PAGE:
Get rich quick! Work from home! Earn $100,000 easy – just find a critical flaw in Apple's sign-in system

Yeah, we know 'just' is doing a lot of hard work, we're being flippant

Security researcher Bhavuk Jain has landed a $100,000 payday after he reported a critical flaw in Apple’s sign-in system that could be exploited to access countless accounts on sites from Dropbox and Spotify to Airbnb.

In April, Jain discovered the vulnerability in “Sign in with Apple” – a single-sign-in service launched last year – which allows people to use their Apple account IDs to log into third-party apps. He sent his bug report to Cupertino through its bug bounty program, and at the weekend, with $100,000 in hand and Apple having patched the issue, he revealed details of the flaw.


You, Apple Mac fan. Put down the homemade oat-milk latte, you need to patch a load of security bugs, too


“What if I say, your Email ID is all I need to takeover your account on your favorite website or an app. Sounds scary, right?” posted Jain, a full-stack developer specializing in React Native mobile apps, based in India.

"A lot of developers have integrated Sign in with Apple since it is mandatory for applications that support other social logins."

The security hole affected all third-party apps that use the service – Apple’s equivalent of the Facebook and Google sign-in services – and “could have resulted in a full account takeover of user accounts on that third party application irrespective of a victim having a valid Apple ID or not.”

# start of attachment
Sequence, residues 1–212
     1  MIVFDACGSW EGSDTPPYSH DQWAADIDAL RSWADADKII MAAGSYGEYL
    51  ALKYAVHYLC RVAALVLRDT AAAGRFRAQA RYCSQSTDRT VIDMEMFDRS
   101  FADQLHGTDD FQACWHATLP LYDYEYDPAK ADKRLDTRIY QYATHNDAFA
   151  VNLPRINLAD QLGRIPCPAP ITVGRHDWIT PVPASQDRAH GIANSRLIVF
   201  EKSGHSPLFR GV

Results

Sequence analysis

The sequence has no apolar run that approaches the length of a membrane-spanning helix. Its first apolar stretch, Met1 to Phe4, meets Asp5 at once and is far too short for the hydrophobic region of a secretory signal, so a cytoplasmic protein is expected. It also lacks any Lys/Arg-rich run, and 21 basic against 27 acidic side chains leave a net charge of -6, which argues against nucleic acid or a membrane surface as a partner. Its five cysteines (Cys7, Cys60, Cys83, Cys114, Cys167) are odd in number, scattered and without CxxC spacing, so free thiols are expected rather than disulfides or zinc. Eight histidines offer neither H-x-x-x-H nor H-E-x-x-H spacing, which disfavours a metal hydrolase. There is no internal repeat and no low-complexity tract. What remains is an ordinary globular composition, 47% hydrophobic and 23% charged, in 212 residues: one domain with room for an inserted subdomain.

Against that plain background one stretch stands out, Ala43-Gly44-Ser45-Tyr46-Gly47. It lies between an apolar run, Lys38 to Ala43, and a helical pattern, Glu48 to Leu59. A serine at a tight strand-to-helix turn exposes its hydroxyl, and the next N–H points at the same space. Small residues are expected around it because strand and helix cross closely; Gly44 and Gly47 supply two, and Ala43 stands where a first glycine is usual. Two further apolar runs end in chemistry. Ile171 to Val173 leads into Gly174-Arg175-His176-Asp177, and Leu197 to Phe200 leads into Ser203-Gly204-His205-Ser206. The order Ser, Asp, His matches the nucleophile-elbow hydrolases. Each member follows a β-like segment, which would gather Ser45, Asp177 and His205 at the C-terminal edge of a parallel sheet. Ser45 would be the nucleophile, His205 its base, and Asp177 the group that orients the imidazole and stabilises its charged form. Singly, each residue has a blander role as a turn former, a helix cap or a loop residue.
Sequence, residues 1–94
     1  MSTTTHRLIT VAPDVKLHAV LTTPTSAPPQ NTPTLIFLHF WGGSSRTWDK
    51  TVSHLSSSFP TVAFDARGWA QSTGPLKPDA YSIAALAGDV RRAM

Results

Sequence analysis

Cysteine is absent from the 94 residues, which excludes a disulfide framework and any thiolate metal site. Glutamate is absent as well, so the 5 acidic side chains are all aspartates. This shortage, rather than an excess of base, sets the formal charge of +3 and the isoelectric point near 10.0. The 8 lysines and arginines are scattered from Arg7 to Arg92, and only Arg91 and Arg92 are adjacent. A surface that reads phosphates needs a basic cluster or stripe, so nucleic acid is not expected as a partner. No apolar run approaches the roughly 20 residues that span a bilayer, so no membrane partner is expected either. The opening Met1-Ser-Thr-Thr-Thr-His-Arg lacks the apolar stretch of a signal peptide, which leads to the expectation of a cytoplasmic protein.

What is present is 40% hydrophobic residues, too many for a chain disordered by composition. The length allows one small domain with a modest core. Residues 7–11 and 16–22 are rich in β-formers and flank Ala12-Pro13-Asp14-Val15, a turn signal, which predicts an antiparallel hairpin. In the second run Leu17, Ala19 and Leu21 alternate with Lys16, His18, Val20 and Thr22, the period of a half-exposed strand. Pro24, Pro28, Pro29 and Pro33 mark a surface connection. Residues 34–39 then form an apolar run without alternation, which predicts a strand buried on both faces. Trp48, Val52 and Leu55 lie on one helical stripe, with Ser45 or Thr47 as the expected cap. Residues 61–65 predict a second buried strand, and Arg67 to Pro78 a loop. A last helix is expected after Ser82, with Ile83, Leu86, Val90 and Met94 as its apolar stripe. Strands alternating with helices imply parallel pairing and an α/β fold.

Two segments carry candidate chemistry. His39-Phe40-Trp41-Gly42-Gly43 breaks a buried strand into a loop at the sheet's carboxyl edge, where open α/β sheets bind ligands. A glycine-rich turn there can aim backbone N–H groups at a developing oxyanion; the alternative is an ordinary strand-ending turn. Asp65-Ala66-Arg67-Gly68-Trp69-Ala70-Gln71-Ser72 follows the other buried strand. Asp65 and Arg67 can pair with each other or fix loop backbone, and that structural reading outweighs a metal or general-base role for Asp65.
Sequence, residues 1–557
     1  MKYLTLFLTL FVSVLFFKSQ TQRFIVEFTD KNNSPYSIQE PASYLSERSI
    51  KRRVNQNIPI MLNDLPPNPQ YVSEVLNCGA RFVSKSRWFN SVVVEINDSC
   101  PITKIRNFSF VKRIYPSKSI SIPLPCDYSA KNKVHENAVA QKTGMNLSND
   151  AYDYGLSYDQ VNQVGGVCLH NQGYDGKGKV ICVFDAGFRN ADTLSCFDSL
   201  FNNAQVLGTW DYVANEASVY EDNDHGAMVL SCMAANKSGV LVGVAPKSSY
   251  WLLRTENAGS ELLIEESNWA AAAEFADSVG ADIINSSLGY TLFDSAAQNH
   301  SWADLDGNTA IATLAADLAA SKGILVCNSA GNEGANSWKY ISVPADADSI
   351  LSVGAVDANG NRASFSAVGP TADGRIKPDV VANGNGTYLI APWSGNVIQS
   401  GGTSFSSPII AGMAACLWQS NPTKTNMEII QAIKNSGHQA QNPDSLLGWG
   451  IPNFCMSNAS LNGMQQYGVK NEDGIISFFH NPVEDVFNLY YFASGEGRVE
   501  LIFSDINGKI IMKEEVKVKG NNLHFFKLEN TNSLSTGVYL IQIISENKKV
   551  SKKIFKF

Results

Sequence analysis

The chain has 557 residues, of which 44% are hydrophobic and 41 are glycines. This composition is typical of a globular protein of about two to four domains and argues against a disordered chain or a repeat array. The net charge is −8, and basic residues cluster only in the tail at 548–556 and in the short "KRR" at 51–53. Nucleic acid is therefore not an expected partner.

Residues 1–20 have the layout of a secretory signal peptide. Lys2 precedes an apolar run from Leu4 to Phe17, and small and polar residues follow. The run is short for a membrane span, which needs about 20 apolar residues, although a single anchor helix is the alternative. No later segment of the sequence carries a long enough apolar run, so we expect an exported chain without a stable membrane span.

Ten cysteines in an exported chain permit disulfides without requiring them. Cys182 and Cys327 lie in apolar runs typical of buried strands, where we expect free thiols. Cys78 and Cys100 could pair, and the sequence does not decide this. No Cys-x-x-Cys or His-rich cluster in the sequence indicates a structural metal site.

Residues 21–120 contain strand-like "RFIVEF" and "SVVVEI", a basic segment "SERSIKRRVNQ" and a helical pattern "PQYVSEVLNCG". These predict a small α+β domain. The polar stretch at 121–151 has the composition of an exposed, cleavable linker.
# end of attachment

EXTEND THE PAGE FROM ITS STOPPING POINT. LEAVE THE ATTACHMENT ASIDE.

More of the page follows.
The service works in one of two ways: a user is authenticated by either using a JSON Web Token (JWT) or a code generated by Apple’s servers, which is then used to generate a JWT. In the Apple-server approach, Apple provides the user with an option to share their Apple email ID with a third-party. If they chose that option, the email ID is included within the token.

Access all areas

Jain, 27, discovered that he could request tokens for any email ID and, if he verified them with Apple’s public key, they would be accepted as valid. In other words, it was possible to forge a token if you have someone’s email and then access their account on third-party websites.

Services that were vulnerable to the flaw – because they include Apple’s login system – include Dropbox, Spotify and Airbnb, Jain noted. “The impact of this vulnerability was quite critical as it could have allowed full account takeover,” he noted.

Apple verified the programming blunder, patched it on its servers, and, according to Jain, investigated whether the flaw was exploited, and concluded that it had not. It was, potentially, a hugely embarrassing issue for Apple that could have set back its efforts to challenge Facebook and Google, and Jain is $100,000 better off for having discovered it first.

Back in April, another security researcher received $75,000 from Apple for discovering a way to hack Apple's Safari browser and access the camera on both Macs and iPhones. The hole was filled in an update to the browser. ®